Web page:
By Don Heckman
Anyone who doubts the excitement, the imagination and the contemporary vitality of big band jazz should have been at Vitello’s last weekend. Over the course of Friday and Saturday nights, two stellar ensembles – the Bob Mintzer Big Band and the Bill Cunliffe Big Band – offered invigorating reminders of the still-potent pleasures of big band jazz.
Friday night’s program featured the Mintzer band in a program titled “Homage To Count Basie.” And composer/saxophonist/bandleader Mintzer couldn’t have chosen a better model than the iconic Basie band with which to display his group’s impressive musical wares.
Mintzer opened, appropriately, with the Basie theme song, “One O’Clock Jump.” And the music began to cook from the first opening passages, as the rhythm section – pianist Russell Ferrante, guitarist Larry Koonse, bassist Edwin Livingston and drummer Peter Erskine – dug deeply into the classic Basie groove.
There was more Basie to come, including the familiar strains of “April in Paris,” Neal Hefti’s “Cute,” and “Shiny Stockings.” Topping it off, Mintzer added some Basie-inspired music of his own, including “Lester Jumps Out” and “Home Basie,” an irresistibly swinging musical blending of Basie’s rhythms and James Brown’s effervescence.
Add to that more originals – “Elegant People” and “Havin’ Some Fun” among them – showcasing Mintzer’s broad, far-reaching skills as a composer/arranger.
Also a hard-driving tenor saxophonist, Mintzer added some substantial soloing of his own. But his band was also filled with other primo soloists, among them saxophonists Bob Sheppard, Keith Fiddmont, Brian Scanlon and Adam Schroeder, trumpeters John Daversa and Wayne Bergeron, and pianist Ferrante, all playing in a manner that honored the Basie style.
And it was fascinating to observe the excitement coursing through the full house crowd as the sounds of big band jazz at its finest filled the room.
On Saturday night it happened all over gagin, as the Bill Cunliffe ensemble offered a “Big Band Holiday Kick Off.” Toward that end, however, pianist/composer/bandleader Cunliffe began his set with a quartet – featuring his piano along with guitarist John Chiodini, bassist Tom Warrington and drummer Joe La Barbera – playing a non-stop medley of holiday tunes. Among them – “Winter Wonderland,” “Silent Night” (featuring seasonally atmospheric soloing from Chiodini) and “Carol of the Bells.” Cunliffe added a solo piano take on “Christmas Time Is Here,” and singer Dawn Bishop joined the ensemble, singing “The Christmas Song” (and later adding her engaging versions of “Almost Like Being In Love” and “The Devil and the Deep Blue Sea” — not exactly seasonal songs, but appealing, nonetheless).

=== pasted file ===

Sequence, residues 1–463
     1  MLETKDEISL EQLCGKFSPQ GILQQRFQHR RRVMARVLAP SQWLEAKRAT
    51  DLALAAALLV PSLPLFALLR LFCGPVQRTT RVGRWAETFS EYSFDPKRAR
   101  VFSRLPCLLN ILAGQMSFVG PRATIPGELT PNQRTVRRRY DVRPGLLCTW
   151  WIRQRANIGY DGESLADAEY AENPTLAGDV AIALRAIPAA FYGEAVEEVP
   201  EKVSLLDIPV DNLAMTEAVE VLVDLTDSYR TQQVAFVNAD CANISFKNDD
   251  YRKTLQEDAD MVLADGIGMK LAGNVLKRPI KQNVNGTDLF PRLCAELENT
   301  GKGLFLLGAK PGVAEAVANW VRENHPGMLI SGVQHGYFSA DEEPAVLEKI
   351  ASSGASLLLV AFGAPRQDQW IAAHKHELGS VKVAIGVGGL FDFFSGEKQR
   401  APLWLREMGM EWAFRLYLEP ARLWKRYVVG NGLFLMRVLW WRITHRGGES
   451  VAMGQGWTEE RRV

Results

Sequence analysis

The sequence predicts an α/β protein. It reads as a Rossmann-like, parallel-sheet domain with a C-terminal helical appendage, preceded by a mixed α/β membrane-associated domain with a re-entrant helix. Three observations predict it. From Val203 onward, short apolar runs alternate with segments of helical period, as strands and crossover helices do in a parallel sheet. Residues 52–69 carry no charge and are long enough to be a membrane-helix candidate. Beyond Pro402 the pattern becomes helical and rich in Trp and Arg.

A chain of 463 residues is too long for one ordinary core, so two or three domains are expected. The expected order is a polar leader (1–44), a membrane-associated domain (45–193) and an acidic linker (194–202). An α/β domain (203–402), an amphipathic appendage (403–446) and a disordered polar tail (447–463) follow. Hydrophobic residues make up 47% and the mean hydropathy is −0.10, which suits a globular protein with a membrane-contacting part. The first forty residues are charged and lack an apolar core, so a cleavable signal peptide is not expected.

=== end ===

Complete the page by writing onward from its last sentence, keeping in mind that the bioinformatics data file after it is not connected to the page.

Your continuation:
Cunliffe’s great versatility in big band scoring was also highly visible in the Latin rhythms of “Havana” and an original piece (title unannounced) written for a film about the Celtics. In it, Cunliffe perfectly captured the driving, big band Swing era style of the late ‘30s. His version of “Round Midnight,” featuring tenor saxophonist Jeff Elwood, brought traces of Thelonious Monk dissonances into the big band fabric. And there were numerous other fine soloists as well: including trumpeter Bijon Watson, alto saxophonist Bruce Babad and trombonist Alex Isles, among others.
The closing piece, whimsically titled “The Goldberg Contraption,” was a work based on various J.S. Bach compositions (including the Goldberg Variations). In it, Cunliffe adroitly positioned rich Bach harmonies and compelling contrapuntal passages within the colorful textures and surging rhythms of big band jazz.
Call it a brilliant, two-night display of the far-ranging possibilities of the big jazz band format, when it’s in the hands of composer/arrangers as gifted as Bob Mintzer and Bill Cunliffe. Big Band jazz, in their work, is still very much alive. Ask anyone who was present in the full house crowds.
Bob Mintzer photos by Faith Frenz.
Bill Cunliffe photos by Bob Barry.